# least squares fitting to a 3 dimensional data set

I am working on video stabilisation ( making shaky videos non-shaky) using matlab. One of the steps is to find a smooth camera path given the unstable camera path. The unstable camera path is one which gives the jittering or shake to the video. I have camera path specified using camera position which is a 3d-data. camera path - (cx,cy,cz);

As i plot in matlab, i can visually see the shakiness of the camera motion. So now i require a least squares fitting to be done on the camera path specified by(cx,cy,cz);

I came across polyfit() which does fitting for 2-dimensional data. But what i need is a 3-d smooth curve fit to the shaky curve. Thanks in advance.

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Approach using least square fit:

``````t = (1:0.1:5)';

% model
px = [ 5 2 1 ];
x =  polyval(px,t);

py = [ -2 1 1 ];
y = polyval(py,t);

pz = [ 1 20 1 ];
z = polyval(pz,t);

%  plot model
figure
plot3(x,y,z)
hold all

% simulate measurement
xMeasured = x+2*(rand(length(x),1)-0.5);
yMeasured = y+2*(rand(length(y),1)-0.5);
zMeasured = z+2*(rand(length(z),1)-0.5);

% plot simulated measurements
plot3(xMeasured, yMeasured, zMeasured,'or')
hold off
grid on

% least squares fit
A = [t.^2, t, t./t];
pxEstimated = A\xMeasured;
pyEstimated = A\yMeasured;
pzEstimated = A\zMeasured;
``````
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I am a novice user of matlab. Will you take your time modifying your example and explain me about how the least squares fitting is done. The modification you can put is that 'instead of having t defined and then doing some polyval to get x,y,z' you are already given (cx,cy,cz) coordinates and then how do you define the matrix A in this case and do a least squares fit ? –  gansai Nov 11 '10 at 7:34
@gansai: All you have to do is replacing xMeasured with cx, yMeasured with cy and zMeasured with cz, respecting dimensions. 't' is the time vector for the applied polynomial model x=at^2+bt+c. The least square fit is done through the mldivide command '\'. –  zellus Nov 11 '10 at 11:10

Couldn't you just fit three separate 1d curves for cx(t), cy(t), cz(t)?

BTW: I think what you need is a Kalman filter, not a polynomial fit to the camera path. But I'm not sure if matlab has builtin support for that.

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Yes—try this FEX submission: mathworks.com/matlabcentral/fileexchange/… –  Bill Cheatham Nov 9 '10 at 10:49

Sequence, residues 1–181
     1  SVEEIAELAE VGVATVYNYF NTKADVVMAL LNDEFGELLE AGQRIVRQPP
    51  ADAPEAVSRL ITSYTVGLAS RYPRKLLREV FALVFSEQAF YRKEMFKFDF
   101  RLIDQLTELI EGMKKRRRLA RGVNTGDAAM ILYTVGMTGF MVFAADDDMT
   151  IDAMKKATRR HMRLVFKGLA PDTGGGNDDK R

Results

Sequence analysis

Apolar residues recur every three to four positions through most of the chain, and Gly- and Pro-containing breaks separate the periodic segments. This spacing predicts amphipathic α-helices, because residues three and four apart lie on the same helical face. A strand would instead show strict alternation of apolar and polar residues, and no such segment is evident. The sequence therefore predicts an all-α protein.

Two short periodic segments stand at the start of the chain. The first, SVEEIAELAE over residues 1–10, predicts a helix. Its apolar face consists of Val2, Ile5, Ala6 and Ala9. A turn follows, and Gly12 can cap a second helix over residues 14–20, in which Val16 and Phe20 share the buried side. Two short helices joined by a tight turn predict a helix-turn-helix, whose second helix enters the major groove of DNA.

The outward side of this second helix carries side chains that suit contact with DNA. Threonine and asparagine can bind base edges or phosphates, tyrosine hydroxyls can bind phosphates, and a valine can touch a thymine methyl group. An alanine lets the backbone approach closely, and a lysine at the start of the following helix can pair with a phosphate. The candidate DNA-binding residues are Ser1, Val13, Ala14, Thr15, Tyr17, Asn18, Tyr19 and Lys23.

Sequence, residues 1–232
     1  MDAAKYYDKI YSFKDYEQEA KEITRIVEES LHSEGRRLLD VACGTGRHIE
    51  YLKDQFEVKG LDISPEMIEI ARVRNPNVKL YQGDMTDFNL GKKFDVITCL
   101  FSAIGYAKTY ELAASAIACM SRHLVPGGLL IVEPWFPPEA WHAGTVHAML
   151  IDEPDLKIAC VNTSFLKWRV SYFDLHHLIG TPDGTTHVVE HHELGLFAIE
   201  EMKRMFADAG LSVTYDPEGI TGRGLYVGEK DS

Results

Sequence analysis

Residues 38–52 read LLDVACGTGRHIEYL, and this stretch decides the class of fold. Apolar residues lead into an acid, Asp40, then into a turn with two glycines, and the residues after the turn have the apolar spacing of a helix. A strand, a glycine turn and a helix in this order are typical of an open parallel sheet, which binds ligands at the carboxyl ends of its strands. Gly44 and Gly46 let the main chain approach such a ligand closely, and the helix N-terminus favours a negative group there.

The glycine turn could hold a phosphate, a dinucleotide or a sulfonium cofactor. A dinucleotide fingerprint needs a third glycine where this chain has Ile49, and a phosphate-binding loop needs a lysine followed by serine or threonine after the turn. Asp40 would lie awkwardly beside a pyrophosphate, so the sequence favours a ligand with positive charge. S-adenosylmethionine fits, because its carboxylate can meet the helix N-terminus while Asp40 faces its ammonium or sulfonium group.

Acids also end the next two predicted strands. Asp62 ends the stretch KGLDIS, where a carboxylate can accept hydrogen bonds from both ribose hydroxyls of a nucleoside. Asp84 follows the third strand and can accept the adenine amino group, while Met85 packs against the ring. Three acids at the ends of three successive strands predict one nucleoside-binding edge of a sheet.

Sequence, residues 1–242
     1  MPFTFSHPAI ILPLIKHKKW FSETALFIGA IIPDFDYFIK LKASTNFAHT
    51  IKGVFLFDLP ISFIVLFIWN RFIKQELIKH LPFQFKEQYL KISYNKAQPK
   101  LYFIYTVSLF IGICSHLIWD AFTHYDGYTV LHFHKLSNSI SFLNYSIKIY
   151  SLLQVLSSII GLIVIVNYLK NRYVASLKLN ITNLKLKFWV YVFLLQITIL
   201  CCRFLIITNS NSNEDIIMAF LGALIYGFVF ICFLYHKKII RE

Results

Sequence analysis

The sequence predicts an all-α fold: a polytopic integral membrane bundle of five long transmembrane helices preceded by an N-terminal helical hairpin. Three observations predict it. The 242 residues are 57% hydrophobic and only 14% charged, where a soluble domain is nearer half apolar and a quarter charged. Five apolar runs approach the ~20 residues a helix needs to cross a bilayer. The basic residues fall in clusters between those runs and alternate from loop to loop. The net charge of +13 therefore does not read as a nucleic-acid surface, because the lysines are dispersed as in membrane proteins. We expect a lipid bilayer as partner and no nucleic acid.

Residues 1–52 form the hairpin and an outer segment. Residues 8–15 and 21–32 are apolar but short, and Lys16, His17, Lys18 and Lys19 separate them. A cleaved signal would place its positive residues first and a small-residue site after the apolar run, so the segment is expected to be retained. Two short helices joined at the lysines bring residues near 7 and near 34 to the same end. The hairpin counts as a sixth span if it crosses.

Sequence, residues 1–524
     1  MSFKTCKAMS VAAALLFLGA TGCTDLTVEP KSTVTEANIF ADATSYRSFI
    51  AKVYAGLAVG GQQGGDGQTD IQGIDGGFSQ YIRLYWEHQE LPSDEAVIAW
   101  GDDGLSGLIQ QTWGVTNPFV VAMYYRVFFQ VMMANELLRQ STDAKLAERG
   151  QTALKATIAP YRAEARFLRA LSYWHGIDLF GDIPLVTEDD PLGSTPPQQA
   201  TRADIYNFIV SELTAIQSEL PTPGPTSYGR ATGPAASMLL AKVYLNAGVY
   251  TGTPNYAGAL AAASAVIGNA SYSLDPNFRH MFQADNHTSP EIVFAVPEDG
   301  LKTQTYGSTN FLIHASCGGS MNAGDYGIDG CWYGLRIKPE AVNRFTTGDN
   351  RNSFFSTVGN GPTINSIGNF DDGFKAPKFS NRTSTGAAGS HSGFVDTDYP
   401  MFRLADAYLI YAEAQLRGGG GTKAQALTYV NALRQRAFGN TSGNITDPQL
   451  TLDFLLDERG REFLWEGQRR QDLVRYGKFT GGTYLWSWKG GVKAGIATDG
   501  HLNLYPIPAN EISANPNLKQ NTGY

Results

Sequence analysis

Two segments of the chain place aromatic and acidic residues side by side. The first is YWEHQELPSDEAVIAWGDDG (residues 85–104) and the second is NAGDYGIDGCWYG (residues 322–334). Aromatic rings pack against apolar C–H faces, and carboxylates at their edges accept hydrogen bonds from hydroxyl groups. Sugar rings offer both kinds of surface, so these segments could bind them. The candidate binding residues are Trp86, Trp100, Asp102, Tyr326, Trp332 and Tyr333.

No, I need to obtain a 3d curve which represents the smooth path. I could have used Kalman filter, but as I am trying to implement a paper, I am following the algorithm there which does it without using a Kalman filter. –  gansai Nov 11 '10 at 5:08
@gansai: Where do you think is the difference between fitting one 3d curve and fitting three 1d functions? If you use least squares to fit a polynomial, I don't think there is any difference. –  nikie Nov 11 '10 at 7:43
ok. As I am a naive user of matlab I ask this: How should I fit three 1d functions to cx,cy,cz? and i don't have a parameter 't' in my problem. –  gansai Nov 11 '10 at 8:48
@gansai: Then you need to explain what cx/cy/cz are. I thought these were coordinates in a 3d space that the camera had when it acquired each frame. Then t would be the time of each frame. –  nikie Nov 11 '10 at 18:57

Let me be grateful to stackoverflow.com first of all and then my thanks to zellus and nikie who had started me thinking about the problem more. So now I have reached the solution which follows zellus approach and as nikie pointed out I used parameter 't' . cx, cy,cz are the coordinates in 3d space and in my case they are all 343x1 doubles My final code is shown below which fits the 3d data set:

``````t = linspace(1,343,343)';

plot3(cx, cy, cz,'r'),title('source Camera Path');
hold all

A = [t.^2, t, t./t];
fx = A\cx;
fy = A\cy;
fz = A\cz;

Xev = polyval(fx,t);
Yev = polyval(fy,t);
Zev = polyval(fz,t);

plot3(Xev,Yev,Zev,'+b'),title('Fitting Line');
``````

I look forward to more interesting discussions on StackOverflow with great helpful people.

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It's better to edit your question and add the answer there in an UPDATE or something, and be sure to accept the answer you feel helped the most (in this case, there are two, but just accept the "better" one). Also, indent your code by 4 spaces, or select it and press the code button (1010) to format it nicely. –  rubenvb Nov 12 '10 at 8:33
@rubenvb thank you for your suggestion –  gansai Dec 7 '10 at 8:22